victim regarding this issue.

Oceanic Explorer then proceeded to The Annulus and anchored in the bight at about
1610. The master stated that once again the deckhand helped the snorkellers and
divers don their gear then she delivered the safety briefing.

The master stated that there was a predominant north-easterly drift therefore the
preferred option to retrieve the snorkellers was at a point east of the rock formation so
that the snorkellers and the vessel could drift clear of the rocks during retrieval. He
stated that once all persons had entered the water, he stationed himself at the steering
position while the deckhand stayed at the stern, monitoring the snorkellers and divers.

The master stated that the visibility was good and that he could see the snorkellers
from a distance, whilst he kept looking for surface bubbles to note the position of the

Page 18 of 39
divers. The master opined that usually monitoring only snorkellers or only divers was
not a problem, however, when the two activities happened simultaneously it was more
difficult to maintain a proper watch on all the persons.

The master recalled that a diver (witness 2) and a child snorkeller returned to the
vessel whilst it was still anchored inside The Annulus. He noted that soon after that the
other snorkellers swam around the tip of the rock formation to the west side of the
rocks. He stated that he weighed anchor and then positioned the vessel about 150
metres south-west of the rocks from where he could see the snorkellers.

The master stated that at that time there was no current. The vessel remained on a
general northerly heading, the wind was from west south-west causing the vessel to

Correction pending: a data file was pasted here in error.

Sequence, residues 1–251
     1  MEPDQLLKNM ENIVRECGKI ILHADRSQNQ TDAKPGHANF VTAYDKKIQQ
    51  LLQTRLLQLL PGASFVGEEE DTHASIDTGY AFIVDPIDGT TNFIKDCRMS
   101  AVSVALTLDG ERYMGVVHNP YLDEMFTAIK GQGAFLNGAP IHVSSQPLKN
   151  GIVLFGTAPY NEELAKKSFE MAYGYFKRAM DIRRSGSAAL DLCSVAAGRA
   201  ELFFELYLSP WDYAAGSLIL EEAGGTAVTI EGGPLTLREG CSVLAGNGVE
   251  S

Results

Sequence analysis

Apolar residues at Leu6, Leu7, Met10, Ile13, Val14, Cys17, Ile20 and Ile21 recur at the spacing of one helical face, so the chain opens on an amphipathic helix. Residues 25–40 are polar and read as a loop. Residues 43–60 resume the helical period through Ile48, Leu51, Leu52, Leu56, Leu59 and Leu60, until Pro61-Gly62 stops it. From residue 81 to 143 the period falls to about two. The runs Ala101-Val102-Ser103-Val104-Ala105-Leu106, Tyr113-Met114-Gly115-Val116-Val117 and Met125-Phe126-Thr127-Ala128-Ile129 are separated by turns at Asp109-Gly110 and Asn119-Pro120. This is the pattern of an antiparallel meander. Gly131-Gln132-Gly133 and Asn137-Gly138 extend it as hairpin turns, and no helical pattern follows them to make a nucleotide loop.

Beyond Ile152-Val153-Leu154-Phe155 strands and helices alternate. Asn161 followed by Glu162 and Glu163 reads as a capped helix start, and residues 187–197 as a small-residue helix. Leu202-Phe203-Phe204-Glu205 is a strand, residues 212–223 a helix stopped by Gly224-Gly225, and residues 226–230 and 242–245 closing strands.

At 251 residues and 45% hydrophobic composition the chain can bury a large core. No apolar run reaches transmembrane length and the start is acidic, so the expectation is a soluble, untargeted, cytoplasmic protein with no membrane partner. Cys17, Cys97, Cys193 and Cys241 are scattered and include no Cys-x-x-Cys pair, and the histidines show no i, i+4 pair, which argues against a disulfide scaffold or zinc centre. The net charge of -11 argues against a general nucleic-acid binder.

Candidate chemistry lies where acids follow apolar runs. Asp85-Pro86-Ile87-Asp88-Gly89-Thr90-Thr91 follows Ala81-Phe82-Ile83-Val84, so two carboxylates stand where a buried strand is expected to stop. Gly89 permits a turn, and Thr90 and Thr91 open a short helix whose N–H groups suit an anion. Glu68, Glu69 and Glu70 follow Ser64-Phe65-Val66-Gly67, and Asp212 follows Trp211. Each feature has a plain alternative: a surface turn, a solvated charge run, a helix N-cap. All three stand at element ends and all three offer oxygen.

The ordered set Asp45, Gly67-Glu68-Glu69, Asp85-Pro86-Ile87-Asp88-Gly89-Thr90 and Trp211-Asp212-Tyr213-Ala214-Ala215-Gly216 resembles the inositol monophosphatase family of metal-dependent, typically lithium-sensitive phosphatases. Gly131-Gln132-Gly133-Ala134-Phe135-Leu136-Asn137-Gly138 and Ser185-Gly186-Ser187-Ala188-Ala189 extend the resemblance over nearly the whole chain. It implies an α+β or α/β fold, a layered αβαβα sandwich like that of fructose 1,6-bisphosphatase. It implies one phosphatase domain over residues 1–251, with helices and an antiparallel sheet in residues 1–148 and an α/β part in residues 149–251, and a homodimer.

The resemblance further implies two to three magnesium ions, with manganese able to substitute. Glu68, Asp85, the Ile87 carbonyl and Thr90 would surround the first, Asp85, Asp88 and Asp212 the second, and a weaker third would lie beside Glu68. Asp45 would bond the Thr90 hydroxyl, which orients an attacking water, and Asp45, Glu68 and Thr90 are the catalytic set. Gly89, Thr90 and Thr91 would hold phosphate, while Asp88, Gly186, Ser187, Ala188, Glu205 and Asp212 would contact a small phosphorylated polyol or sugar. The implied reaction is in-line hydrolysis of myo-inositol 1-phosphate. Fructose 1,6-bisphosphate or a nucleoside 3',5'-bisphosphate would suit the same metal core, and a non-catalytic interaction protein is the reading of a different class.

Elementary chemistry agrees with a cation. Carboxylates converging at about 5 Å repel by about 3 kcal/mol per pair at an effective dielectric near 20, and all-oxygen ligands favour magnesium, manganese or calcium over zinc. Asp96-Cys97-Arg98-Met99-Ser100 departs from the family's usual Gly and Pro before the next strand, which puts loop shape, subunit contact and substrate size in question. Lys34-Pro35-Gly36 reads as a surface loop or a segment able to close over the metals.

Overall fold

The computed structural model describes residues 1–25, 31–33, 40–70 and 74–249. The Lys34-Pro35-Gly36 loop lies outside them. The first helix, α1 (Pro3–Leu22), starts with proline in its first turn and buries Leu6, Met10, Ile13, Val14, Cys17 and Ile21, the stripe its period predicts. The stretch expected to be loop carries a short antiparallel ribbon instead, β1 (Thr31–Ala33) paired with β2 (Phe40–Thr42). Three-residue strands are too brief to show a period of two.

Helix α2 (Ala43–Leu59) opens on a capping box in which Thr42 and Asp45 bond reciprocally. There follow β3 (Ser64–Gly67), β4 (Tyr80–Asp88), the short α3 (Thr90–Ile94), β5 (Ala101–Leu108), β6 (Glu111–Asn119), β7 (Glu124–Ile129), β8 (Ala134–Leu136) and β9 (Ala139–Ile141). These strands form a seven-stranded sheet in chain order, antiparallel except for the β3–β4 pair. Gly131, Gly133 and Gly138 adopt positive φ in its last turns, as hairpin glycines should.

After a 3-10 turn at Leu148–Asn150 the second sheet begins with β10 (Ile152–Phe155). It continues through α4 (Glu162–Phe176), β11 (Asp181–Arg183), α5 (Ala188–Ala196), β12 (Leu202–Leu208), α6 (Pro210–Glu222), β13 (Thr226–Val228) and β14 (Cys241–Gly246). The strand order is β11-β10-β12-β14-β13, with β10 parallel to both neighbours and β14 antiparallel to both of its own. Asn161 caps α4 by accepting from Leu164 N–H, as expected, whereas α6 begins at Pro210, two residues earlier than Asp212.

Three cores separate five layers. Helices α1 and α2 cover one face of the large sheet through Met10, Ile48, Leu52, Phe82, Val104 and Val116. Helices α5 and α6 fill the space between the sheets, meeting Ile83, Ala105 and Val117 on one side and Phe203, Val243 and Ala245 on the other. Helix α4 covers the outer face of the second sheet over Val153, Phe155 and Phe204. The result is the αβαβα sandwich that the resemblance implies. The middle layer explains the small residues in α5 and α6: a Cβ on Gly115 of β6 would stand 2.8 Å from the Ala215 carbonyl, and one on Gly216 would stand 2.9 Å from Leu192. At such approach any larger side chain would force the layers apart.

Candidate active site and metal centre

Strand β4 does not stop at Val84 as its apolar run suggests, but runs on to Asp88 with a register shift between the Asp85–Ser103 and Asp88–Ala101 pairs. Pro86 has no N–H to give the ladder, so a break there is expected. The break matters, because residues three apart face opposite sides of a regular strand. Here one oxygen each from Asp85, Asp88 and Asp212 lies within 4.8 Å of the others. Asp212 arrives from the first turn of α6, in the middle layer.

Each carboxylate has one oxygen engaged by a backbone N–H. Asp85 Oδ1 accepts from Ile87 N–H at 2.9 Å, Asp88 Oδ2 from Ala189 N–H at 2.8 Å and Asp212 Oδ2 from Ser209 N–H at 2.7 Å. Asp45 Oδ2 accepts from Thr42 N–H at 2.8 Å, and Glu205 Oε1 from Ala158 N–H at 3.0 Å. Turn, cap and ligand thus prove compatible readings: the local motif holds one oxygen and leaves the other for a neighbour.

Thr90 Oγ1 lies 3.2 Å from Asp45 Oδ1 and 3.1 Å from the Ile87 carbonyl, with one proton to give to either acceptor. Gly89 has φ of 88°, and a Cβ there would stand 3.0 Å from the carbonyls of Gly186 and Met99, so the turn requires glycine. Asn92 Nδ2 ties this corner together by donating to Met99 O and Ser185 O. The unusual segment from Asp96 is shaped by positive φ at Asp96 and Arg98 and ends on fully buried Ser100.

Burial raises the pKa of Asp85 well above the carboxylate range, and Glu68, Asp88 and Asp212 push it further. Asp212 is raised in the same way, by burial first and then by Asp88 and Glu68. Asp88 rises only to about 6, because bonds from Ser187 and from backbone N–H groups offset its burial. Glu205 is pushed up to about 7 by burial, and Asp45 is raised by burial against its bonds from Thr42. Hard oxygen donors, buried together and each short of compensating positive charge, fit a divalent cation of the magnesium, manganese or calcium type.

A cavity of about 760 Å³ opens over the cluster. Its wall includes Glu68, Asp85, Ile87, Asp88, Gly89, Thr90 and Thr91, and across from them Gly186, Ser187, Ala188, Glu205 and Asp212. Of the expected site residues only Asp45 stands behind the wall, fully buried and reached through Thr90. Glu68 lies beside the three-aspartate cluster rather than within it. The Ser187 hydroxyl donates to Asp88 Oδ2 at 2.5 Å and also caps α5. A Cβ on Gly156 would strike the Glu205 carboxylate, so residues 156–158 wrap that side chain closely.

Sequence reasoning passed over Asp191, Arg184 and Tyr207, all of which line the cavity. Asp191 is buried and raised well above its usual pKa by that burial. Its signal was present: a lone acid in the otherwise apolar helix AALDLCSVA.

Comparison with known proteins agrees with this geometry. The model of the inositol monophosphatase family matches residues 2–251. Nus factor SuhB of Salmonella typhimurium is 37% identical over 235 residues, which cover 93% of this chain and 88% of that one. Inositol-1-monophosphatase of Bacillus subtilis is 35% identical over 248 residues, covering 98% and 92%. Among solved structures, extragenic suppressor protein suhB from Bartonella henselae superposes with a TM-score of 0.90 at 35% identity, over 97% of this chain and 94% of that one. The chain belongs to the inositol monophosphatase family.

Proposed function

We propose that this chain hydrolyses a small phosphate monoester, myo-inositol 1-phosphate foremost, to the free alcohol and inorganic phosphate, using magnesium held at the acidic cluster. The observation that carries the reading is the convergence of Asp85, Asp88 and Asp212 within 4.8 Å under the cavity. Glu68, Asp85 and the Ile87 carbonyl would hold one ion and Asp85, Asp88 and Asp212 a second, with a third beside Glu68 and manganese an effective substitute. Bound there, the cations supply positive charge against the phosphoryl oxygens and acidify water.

drift towards the rocks. He stated that normally the engines would have been switched
off but under the circumstances, the engines were stopped4 but not switched off, so
that he could use astern propulsion “every so often” to maintain a safe distance from
the rocks.

He stated that some time later, he saw one of the snorkellers about 30 to 40 metres off
looking at the vessel and called out to her whether she would like to get back on board.
He stated that another voice answered “yes” so he shouted back at them “one at a
time”.

The master said that he positioned the vessel about 60 metres south of the rocks. He
noticed a mother (witness 1) and a child swimming up to the boat. He stated that he
ensured that the engines were stopped, the mother first boarded the vessel and then
he went to the stern to help the deckhand pull the child out of the water. At that time,
the master noted that the vessel was drifting close to the rocks.

As he returned to the helm position, he looked around the vessel to check if there was
anyone in the vicinity. He recalled that there were snorkellers about four metres off to
the starboard side and about two metres ahead of the vessel. He stated that he twice
called out to the deckhand that he needed to go astern on the engines and asked her
“is it clear?” He could not recall getting an answer from the deckhand, but was
concerned for the vessel so he “went astern” on the engines.